Win Win

Win Win

Postby CAP » Tue Aug 23, 2011 3:03 pm

Win Win is a modest US indie starring Paul Giamatti (see John Adams) and Amy Ryan (terrific) as Mike and Jacqui Flaherty. He’s a small-town New Jersey lawyer, struggling to make ends meet, and coaching the local high school wrestling team (feebly). He undertakes to become an elderly client’s guardian, in order to pocket a healthy monthly fee, when the court rules the old man is in the early stages of dementia. Mike then puts him in a care home, against the old man’s wishes, but convenient for all around. The old guy supposedly has no nearest of kin – his daughter is untraceable. Except that no sooner is Mike guardian, than a teenage runaway turns up claiming to be the old guy’s grandson. He is. His name is Kyle (newcomer Alex Shaffer). The kid turns out to be a champion wrestler (Shaffer really is a high school wrestling star) and he ends up staying with the Flaherty’s and then enrolling at the local high school and joining the wrestling team. Shaffer is really impressive as the teenage runaway – and of course his wrestling is pretty authentic. At this stage we move from social commentary on Recession America to feel-good movie…

But of course Alex has a history – and more specifically, a mother who eventually turns up, and wants the guardianship – if only for the fee. It all comes out that Mike has manipulated the guardianship for the fat fee and everyone thinks he’s a rat. So then Mike has to beg everyone’s forgiveness and ends up doing a deal with the daughter whereby she gets the fee, but the old man and Kyle stay in the NJ town, while she goes back to Ohio or somewhere. Kyle is like the teenage son Mike never had, and fits right in with his family. So it looks like a happy ending. Except that now Mike has to acknowledge just how desperate his financial situation is (more shame) and ends up working as a barman at nights to try and make ends meet. This would mean of course that he spends even less time at home and whether a paltry barman’s wages would keep his practice and lifestyle afloat is questionable. But that’s how it ends.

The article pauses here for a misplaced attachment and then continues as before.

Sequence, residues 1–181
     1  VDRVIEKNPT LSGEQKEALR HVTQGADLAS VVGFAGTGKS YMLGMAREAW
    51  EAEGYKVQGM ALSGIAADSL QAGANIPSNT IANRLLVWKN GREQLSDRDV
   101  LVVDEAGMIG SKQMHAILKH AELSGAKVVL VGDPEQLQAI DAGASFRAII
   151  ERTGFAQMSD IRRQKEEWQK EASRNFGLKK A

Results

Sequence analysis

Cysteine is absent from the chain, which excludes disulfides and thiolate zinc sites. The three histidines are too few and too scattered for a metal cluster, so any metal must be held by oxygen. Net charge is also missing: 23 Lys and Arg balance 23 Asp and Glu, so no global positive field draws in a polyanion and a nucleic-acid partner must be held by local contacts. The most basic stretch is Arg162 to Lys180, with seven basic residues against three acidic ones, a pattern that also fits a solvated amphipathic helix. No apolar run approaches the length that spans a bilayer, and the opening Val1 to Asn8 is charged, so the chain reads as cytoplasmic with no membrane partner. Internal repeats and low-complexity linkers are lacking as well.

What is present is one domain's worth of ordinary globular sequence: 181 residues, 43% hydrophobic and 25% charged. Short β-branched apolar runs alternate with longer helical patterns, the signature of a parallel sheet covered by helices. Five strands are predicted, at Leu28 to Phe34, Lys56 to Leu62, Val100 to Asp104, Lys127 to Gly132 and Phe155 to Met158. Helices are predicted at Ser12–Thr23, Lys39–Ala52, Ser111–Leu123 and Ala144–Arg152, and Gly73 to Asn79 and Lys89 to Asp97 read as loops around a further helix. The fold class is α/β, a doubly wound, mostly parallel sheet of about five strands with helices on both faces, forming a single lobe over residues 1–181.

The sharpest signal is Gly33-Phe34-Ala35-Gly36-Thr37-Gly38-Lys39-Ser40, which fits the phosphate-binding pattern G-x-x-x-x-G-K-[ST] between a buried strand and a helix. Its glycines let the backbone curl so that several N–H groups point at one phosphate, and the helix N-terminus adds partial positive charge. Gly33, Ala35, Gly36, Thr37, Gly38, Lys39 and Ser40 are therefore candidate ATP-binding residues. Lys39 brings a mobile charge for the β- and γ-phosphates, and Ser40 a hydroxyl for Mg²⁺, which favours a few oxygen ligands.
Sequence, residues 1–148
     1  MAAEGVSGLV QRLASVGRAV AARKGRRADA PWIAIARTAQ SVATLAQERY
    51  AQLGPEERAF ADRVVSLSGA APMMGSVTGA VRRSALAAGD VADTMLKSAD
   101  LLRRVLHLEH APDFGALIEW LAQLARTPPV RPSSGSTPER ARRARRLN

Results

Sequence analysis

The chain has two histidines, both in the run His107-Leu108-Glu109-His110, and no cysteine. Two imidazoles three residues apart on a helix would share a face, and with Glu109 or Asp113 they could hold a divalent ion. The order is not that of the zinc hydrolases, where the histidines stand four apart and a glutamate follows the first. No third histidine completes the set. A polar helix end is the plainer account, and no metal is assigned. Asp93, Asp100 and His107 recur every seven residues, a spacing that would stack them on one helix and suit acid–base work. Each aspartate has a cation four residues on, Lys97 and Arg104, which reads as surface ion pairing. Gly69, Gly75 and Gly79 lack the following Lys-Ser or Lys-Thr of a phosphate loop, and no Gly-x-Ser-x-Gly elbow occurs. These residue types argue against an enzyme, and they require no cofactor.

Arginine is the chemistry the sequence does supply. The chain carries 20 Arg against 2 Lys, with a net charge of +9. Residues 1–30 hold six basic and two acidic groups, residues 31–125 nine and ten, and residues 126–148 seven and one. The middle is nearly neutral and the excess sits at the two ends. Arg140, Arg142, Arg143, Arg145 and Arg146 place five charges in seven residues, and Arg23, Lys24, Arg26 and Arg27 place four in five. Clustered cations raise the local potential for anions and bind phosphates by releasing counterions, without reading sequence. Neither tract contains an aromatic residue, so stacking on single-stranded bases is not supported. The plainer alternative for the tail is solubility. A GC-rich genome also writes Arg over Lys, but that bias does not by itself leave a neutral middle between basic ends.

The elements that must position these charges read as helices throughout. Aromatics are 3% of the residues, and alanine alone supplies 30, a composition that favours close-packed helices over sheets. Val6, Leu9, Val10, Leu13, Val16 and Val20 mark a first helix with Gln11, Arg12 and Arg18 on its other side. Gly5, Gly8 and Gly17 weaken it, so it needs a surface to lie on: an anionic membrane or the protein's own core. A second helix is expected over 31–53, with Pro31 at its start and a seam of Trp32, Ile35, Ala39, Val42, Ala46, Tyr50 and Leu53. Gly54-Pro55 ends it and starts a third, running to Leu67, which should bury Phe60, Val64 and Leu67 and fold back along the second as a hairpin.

I thought for a sober little indie it turned out to be a bit soft-centred. But the central performances are all charming and although I haven’t seen either of Tom McCarthy’s other films, I’ll look out for them.
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